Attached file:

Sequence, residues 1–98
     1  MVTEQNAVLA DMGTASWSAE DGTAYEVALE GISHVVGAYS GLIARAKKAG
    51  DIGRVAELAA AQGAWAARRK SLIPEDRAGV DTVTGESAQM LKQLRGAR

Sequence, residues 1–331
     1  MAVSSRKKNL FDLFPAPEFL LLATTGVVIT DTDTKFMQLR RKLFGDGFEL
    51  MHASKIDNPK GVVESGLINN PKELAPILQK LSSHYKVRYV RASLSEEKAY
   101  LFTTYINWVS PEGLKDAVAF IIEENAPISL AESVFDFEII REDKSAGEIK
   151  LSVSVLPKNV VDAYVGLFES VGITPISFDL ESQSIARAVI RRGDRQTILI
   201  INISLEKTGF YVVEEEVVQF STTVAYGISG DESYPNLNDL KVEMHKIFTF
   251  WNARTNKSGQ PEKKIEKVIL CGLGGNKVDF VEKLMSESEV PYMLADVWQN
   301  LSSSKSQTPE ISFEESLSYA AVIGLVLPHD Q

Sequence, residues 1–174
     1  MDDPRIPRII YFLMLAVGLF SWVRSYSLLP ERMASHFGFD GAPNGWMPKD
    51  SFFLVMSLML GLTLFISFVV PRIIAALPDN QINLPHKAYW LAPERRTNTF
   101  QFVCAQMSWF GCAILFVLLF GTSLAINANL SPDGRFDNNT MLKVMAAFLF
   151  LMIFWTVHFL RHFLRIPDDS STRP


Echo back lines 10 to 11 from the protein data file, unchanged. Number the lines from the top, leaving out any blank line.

   251  WNARTNKSGQ PEKKIEKVIL CGLGGNKVDF VEKLMSESEV PYMLADVWQN
   301  LSSSKSQTPE ISFEESLSYA AVIGLVLPHD Q